Dental Health Press

Information, facts and news about dental health

A nutritious diet for healthy teeth

A healthy diet means healthy and strong teethYour diet has a greater influence on your dental health than most people realise. Everyone knows that too much sugar combined with poor dental hygiene causes cavities. But your diet’s influence on your oral health goes far beyond this and started already before you were born.

While the teeth are formed

Already during pregnancy it is important that the mother gets the recommended amount of minerals and vitamins through her diet in order for the teeth of her baby to develop properly. The fetus starts to form teeth already in the 8th week after fertilization and from the fourth month they develop continually.

At birth, most of the crowns of the teeth are mineralized, although they will not be visible in the mouth untill about 6 months later. After the child is born the roots of the teeth continue to develop and the need for a proper diet thus continues. In fact, the forming of the teeth does not end before age 18, when the wisdom teeth normally erupt.

Diet and the development of muscles and jaws

Developing teeth not only need nourishment for mineralizing. Your diet is also important for the development of your oral muscles and the growth of your jaws. More and more children need braces because their jaws have not grown enough to make room for the erupting teeth. This happens when the child eats too much soft food that does not require much chewing. Hard vegetables and coarse-grained foods are very beneficial for the development of a child’s muscles and jaws.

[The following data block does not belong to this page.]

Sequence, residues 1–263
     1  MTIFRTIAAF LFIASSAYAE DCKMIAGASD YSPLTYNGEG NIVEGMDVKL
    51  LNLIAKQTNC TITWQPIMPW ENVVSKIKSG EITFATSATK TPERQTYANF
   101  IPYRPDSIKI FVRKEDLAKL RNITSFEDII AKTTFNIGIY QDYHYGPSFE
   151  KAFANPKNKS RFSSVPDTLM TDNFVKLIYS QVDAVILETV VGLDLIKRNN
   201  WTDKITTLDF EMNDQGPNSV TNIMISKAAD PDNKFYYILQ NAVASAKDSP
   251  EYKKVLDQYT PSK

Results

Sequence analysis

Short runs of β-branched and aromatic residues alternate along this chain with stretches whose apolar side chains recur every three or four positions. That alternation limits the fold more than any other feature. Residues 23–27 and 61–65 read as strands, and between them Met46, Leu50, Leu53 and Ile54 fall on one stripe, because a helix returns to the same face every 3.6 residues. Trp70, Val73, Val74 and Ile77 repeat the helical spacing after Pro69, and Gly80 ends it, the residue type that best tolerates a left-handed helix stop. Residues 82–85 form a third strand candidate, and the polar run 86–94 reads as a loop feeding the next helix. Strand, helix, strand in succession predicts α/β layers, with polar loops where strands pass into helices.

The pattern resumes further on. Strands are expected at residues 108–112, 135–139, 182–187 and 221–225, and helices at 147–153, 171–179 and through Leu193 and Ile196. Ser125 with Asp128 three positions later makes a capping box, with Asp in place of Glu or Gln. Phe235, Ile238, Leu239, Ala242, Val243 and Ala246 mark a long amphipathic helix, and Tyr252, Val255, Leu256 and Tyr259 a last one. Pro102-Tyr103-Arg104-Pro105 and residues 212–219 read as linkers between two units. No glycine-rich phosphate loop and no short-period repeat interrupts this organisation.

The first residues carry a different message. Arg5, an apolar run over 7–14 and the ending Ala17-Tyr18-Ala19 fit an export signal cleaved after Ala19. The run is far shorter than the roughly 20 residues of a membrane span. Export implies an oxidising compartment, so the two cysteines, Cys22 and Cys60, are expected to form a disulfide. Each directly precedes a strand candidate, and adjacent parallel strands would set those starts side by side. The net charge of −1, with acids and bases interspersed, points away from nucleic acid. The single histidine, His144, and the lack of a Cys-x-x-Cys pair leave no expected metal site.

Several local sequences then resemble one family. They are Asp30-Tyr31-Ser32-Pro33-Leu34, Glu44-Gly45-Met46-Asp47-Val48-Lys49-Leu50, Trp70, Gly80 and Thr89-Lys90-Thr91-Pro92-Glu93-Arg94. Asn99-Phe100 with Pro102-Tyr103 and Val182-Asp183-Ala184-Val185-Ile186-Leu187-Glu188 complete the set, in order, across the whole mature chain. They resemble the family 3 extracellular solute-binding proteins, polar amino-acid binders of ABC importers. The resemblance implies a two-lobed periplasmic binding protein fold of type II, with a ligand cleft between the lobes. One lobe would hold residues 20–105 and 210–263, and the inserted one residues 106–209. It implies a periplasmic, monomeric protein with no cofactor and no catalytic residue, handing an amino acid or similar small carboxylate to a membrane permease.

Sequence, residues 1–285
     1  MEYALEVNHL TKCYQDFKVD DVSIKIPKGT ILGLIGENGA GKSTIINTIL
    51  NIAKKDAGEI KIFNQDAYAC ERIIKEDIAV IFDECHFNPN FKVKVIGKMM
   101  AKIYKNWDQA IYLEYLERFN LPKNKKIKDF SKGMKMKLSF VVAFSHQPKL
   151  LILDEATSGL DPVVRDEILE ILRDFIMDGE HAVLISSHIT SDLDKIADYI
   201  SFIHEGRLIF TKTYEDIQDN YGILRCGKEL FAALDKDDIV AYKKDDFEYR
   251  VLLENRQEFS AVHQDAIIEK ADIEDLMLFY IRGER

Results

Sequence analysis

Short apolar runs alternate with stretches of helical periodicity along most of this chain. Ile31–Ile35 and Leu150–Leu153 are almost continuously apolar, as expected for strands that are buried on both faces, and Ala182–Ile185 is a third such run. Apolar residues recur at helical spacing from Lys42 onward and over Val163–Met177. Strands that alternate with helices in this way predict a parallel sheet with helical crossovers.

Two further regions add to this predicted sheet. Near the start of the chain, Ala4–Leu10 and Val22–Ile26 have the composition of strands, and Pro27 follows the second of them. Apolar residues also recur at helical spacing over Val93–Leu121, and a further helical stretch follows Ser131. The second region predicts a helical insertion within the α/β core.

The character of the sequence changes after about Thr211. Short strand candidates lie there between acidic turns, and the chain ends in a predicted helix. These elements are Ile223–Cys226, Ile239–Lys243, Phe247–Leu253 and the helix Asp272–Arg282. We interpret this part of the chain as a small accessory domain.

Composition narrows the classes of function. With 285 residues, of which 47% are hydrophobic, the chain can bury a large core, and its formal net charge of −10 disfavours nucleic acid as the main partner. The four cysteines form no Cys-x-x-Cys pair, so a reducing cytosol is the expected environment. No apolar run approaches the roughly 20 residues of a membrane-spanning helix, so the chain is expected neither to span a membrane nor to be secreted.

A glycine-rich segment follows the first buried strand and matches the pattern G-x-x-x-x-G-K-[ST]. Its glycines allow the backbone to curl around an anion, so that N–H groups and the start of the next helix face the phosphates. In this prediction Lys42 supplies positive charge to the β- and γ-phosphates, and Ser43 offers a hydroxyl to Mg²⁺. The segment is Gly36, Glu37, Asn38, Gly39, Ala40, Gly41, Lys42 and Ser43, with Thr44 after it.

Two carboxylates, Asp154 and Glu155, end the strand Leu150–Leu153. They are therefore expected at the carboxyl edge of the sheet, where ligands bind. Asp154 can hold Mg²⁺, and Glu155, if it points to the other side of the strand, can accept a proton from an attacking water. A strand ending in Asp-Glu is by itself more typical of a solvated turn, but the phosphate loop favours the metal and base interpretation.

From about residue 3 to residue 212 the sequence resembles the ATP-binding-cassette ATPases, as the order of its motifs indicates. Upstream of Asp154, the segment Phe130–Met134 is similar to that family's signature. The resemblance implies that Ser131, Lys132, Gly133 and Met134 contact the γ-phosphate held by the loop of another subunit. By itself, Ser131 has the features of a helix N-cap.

Your diet and cavities

Cavities are the result of a combination of plaque and sugar. Plaque is a layer of bacteria that is formed automatically within a short time after you brush your teeth and which will continue to build up untill you brush them again. Plaque in itself does not cause cavities. It is only when sugar is added to the plaque, that the bacteria in the plaque start to produce the acid which breaks down the tooth. At the same time sugar alone does not cause cavities if there is no plaque on the teeth. Since it is normally not possible to keep your mouth 100% plaque free, it is important to be aware of the amount of sugar you take in through your diet. It is especially the sugary snacks in between meals that damage your teeth. If you are constantly adding sugar to your plaque, your teeth will be under a constant acid attack. Your mouth needs a break between meals so that your saliva can neutralise the acid and restore the natural balance in your mouth.

If you are in the habit of snacking between meals, consider eating sugar free candy or chewing gum. Be aware that many ‘healthy’ snacks such as fresh or dried fruit and biscuits also contain sugar, although in a less unhealthy form than the refined sugar in cakes and candy. Vegetables (especially carrots) are the least ‘damaging’ snacks, since they contain very little natural sugar.

Give your teeth a break

Also try to limit your consumption of sugary and/or sour beverages. A bottle of soda or juice can often last for hours if you are only sipping from it now and then. This habit is very damaging to your teeth, though. Research has shown that it normally takes around 20 minutes for your mouth to restore it’s natural acid balance after you have eaten. This means that if you are snacking all through the day e.g. by eating candy of drinking softdrinks, the acidity in your mouth will be constantly out of balance and your teeth will be under constant attack. Instead of quenching your thirst with sugary drinks, consider a more healthy alternative such as milk or water.


If you absolutely need your sugary snacks and beverages, remember that cavities arise from a combination of sugar AND plaque. A clean tooth will not develop a cavity, so remember to brush your teeth completely clean at least two times per day.

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